Why thought suppression is a bad way to deal with temptation.
Have you ever tried to lose weight by just not thinking about food? How about trying to play it cool and stop yourself from calling (or emailing, or texting) your love interest by blocking out all thoughts about that person? Ever try to quit smoking by trying not to think about smoking? Did it work? I’ll bet it didn’t. And it’s really not your fault that it didn’t.
Thought suppression is a double-edged sword. On the one hand, it is a very commonly used strategy – people often try to block out or put the lid on unwanted thoughts and feelings, in order to control their influence. Dieters try to suppress thoughts of tempting snacks, alcoholics suppress their desire to drink, stressed-out workers suppress their feelings of anxiety, and smokers suppress the thought of cigarettes when trying to quit.
On the other hand, thought suppression is not only very, very difficult, but it works only very briefly, and has some very nasty unintended consequences. Suppression has often been shown to increase the frequency of the unwanted thoughts you were trying to rid yourself of, once the period of active suppression is over. Suppress thoughts of smoking, and the thoughts come rushing back with even greater force once you let your guard down. But does this unintended consequence actually lead to more smoking? Are you actually worse off in terms of quitting than when you started?
Yes, you are. In a new study, undergrads who smoked at least a half-pack a day on average were asked to keep track of their smoking for several weeks. For all of Week 2, some of the students were asked to try to suppress any and all thoughts about smoking. Not surprisingly, they smoked significantly fewer cigarettes during Week 2 than non-suppressers. But during Week 3, when these students were no longer required to suppress thoughts of smoking, they smoked significantly more cigarettes than non-suppressors!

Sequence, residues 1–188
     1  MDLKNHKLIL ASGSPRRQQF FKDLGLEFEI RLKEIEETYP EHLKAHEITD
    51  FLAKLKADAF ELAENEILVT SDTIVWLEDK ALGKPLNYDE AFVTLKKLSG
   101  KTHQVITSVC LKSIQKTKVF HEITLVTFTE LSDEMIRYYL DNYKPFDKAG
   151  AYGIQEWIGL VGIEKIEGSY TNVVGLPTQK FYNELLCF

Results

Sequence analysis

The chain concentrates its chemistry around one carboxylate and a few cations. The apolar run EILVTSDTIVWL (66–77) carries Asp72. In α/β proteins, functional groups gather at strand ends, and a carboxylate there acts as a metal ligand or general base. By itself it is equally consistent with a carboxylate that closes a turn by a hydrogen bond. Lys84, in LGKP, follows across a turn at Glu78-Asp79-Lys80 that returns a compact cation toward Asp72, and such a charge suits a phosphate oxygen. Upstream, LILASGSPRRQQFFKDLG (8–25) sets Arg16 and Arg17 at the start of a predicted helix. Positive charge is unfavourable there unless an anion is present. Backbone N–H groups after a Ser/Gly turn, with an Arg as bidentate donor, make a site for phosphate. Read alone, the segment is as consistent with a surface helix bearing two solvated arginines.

While they were at it, the researchers who conducted this study looked at students’ stress levels across all three weeks. Not surprisingly, suppressors reported a dramatic rise in stress during the week they were suppressing (while non-suppressors stress levels remained unchanged). So not only does the thought-suppression strategy backfire, it feels terrible while you are doing it.
So how can we deal with unwanted thoughts more successfully, in ways that don’t end up actually diminishing our willpower? I’ve written about this in previous posts, but here are two suggestions:
- Don’t suppress, replace. Decide in advance what you will think about when a thought about smoking, snacking, or hitting “redial” pops into your mind. When you find yourself thinking about how yummy a candy bar would be right now, try replacing that thought with one that focuses on your health and weight-loss goals (e.g., “It feels better to fit into my skinny jeans than it does to wolf down chocolate-covered nougat.”)
- Don’t suppress, plan. Creating an if-then plan is an easy and effective way to deal with temptations. You don’t need to block out the thoughts – what you really need is to learn how not to act on them. By planning on exactly what you will do, in advance, when the tempting thought occurs, it becomes far easier to stick to your goals. For instance, when thoughts about smoking occur, plan to chew gum, or step outside for several long deep breaths of fresh air. Whatever you plan to do, it will disrupt the connection between the thought and giving in to the temptation, and over time, the thoughts will fade all on their own.
It’s almost never a good idea to put a lid on your thoughts and feelings. It may feel like it’s working in the short term, but soon you’ll find yourself right back where you started – surrounded by candy wrappers, and wondering why he hasn’t returned your three dozen phone calls.
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